After launching Zendesk's Asia Pacific head office in Melbourne this week, new managing director Michael Hansen says that Cloud, customer service and mobility are important for startups to succeed.
What is your role at Zendesk and can you give me some background on what the company does?
I’m Michael Hansen and I’m Zendesk’s vice president and Asia Pacific managing director. Zendesk is Cloud-based help desk software that is the fastest way to enable great customer service in rapidly growing companies. We are so easy to use that support teams and customers worldwide love us.
More than 10,000 organisations including Adobe, MSNBC, Sony, and Groupon trust Zendesk with their most valuable asset: their customers. With Zendesk, organisations can deliver exceptional support across the web, email, and social media. Since the mobile device explosion, we’ve created even more opportunities to help customers anywhere, any time. Zendesk is also available across devices such as the iPad, iPhone, BlackBerry, and Android.
Why has Zendesk opened an office in Melbourne and how many staff are located in Australia?
With more than 1200 customers across the region and with 700 in Australia and 200 in New Zealand, it became clear to us that the Asia Pacific region is experiencing an upward growth trend. We currently have seven staff and plan on being 20 in a year.
What industry trends have you seen emerge with more and more startups like Zendesk beginning to dominate the market?
The largest trends we’ve seen have been around the rapid rise of social media channels, mobile devices and apps, and embracing Cloud based technology.
Today’s customers expect to have immediate and direct conversations with their service providers and demand a fast, satisfactory response. So they need a choice of multiple touch points, whether that is via the web, social media or mobile devices.
Meanwhile, the world is becoming increasingly dependent on mobile devices. Half of the devices on corporate networks will be mobile devices and the North American market for mobile office applications is expected to surge to $6.85 billion in 2015. It’s safe to say the vast majority of these mobile apps will be Cloud based.
Using Cloud based technologies, such as Zendesk, businesses are realising they can deliver great customer support, fast. It’s easy to use, cost effective, and can be introduced without disruption to current customer service systems. Gone are the days when companies had to make the major investments in hardware, software, professional services, and training that have traditionally been dictated by enterprise software vendors. This is a very appealing alternative to purchasing on-premise packages or attempting to build “home grown” applications.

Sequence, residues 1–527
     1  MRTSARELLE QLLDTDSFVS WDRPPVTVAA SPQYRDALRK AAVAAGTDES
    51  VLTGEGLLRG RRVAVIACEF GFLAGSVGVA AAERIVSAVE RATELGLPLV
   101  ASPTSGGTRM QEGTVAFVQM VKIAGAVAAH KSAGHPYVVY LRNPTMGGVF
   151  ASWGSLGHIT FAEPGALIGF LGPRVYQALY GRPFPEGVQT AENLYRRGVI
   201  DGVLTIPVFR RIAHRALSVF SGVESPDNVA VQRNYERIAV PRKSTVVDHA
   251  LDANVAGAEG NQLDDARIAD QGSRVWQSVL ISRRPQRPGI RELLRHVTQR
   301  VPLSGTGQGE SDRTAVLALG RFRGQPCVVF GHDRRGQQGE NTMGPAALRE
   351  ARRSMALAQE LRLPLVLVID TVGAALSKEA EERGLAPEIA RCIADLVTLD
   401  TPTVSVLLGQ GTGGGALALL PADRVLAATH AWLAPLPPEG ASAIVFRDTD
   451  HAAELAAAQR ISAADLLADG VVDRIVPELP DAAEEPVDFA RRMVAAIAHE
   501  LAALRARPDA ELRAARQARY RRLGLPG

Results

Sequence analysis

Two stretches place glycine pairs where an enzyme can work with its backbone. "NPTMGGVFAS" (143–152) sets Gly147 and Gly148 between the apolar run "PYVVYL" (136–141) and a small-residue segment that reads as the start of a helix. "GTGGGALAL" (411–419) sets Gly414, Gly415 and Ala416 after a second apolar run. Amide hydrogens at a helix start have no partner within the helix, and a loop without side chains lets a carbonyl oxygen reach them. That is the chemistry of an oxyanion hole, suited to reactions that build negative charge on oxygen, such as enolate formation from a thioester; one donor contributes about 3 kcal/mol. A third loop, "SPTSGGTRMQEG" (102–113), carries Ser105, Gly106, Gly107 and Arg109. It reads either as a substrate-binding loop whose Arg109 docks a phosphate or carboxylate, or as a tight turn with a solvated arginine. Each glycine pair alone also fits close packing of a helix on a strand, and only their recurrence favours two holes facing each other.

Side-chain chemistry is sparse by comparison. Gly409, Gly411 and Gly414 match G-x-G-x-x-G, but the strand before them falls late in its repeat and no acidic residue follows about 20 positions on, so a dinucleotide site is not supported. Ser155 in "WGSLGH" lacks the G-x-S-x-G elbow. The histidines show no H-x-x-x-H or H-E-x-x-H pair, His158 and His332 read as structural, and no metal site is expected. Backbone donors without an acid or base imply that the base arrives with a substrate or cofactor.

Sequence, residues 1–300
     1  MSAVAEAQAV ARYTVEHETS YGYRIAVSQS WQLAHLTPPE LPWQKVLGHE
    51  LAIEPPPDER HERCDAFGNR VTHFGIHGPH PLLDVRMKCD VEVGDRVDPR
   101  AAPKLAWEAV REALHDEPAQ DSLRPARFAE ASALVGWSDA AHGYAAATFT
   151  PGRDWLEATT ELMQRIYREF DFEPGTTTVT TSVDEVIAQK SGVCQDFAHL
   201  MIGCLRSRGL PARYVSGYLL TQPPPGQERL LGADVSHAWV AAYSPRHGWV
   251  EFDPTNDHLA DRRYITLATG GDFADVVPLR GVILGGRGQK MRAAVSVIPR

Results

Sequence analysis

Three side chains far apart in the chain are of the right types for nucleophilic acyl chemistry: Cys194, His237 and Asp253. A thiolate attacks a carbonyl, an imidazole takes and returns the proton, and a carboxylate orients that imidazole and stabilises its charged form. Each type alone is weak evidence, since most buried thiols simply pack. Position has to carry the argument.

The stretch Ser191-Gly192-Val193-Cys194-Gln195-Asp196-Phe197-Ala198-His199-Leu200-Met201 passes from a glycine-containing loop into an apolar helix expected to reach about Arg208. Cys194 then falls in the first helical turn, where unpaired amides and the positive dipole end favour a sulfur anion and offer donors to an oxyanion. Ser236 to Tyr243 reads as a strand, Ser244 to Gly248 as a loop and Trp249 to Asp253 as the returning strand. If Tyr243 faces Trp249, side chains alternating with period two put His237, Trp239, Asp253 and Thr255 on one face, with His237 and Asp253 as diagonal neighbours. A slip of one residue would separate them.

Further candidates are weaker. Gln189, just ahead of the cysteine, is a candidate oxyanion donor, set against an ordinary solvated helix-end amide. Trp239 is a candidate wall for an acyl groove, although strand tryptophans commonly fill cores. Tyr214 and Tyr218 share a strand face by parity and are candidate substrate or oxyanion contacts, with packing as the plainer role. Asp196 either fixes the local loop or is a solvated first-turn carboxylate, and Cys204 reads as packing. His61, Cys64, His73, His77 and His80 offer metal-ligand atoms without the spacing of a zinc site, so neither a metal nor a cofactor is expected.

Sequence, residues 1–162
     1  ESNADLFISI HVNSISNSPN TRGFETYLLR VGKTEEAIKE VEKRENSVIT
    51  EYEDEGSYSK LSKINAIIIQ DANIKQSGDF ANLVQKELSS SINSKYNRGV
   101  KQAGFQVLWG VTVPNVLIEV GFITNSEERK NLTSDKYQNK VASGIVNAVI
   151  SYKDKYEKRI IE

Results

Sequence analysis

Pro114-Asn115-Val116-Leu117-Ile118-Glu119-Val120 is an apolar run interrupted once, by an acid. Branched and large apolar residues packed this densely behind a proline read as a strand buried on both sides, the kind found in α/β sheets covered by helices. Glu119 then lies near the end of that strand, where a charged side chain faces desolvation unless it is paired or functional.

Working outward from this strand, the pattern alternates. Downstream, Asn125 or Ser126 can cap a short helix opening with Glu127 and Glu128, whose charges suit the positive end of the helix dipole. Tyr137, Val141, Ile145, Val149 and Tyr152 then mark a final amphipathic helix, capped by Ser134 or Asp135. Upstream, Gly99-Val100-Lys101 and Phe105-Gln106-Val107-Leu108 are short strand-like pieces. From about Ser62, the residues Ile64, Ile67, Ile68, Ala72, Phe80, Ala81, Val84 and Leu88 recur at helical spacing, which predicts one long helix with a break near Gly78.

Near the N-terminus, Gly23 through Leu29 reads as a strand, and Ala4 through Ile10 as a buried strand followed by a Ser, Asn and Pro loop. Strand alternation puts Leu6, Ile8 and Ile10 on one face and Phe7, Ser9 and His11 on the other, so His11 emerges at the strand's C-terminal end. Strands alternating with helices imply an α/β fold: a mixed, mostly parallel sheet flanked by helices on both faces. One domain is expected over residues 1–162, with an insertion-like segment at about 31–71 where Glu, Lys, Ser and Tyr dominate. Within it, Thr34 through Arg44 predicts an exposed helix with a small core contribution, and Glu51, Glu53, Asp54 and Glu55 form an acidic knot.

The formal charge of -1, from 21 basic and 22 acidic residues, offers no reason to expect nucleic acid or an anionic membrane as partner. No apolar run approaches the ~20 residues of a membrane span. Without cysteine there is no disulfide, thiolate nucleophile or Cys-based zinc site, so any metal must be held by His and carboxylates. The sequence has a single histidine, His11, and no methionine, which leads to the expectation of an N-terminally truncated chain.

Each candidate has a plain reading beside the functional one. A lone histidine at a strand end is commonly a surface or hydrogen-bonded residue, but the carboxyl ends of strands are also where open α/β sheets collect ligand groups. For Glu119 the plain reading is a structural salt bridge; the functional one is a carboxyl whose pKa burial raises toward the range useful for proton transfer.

In-depth: Legal issues in the Cloud.
What advice would you have for up and coming startups trying to make their mark?
One of the best pieces of advice we have for startups is to stay true to the purpose of your product. As you begin to develop your product’s functionality, it’s easy to go off course.
It’s also important to listen to your user base and engage with them. We closely monitor our Twitter feed, Facebook page, and our forums to hear what our customers are saying and respond to them accordingly.
Who are some of your local customers?
Lonely Planet, REA Group, Servcorp, and NSW Government Licensing Services.
How do you maintain innovation in a sector with so many different companies?
The trick to being innovative is again, listening to your customers. Beyond monitoring your social media channels, one way you can really get your finger on the pulse of your user base is to check in with your help desk. Your help desk shouldn’t be an island in your company; oftentimes, it’s the eyes and ears of your customers. They know what your user base wants and what they are struggling with before any other department, and then you can create your roadmap accordingly. Knowing what your customers want and then responding this accordingly is how smart companies stay ahead of their competition.
The other trick with innovation is to keep sophisticated features quick and easy to do. You can create the most complex, state-of-the-art, world-changing product or feature for that product, but if your customers can’t begin using that product or feature immediately, they are going to ignore it.
Lonely Planet spoke about its move to Zendesk earlier this year, saying it turned to the company for online customer feedback and implemented help desk software to streamline information from its forums and wider community.
Follow Lisa Banks on Twitter: @CapricaStar
Follow Computerworld Australia on Twitter: @ComputerworldAU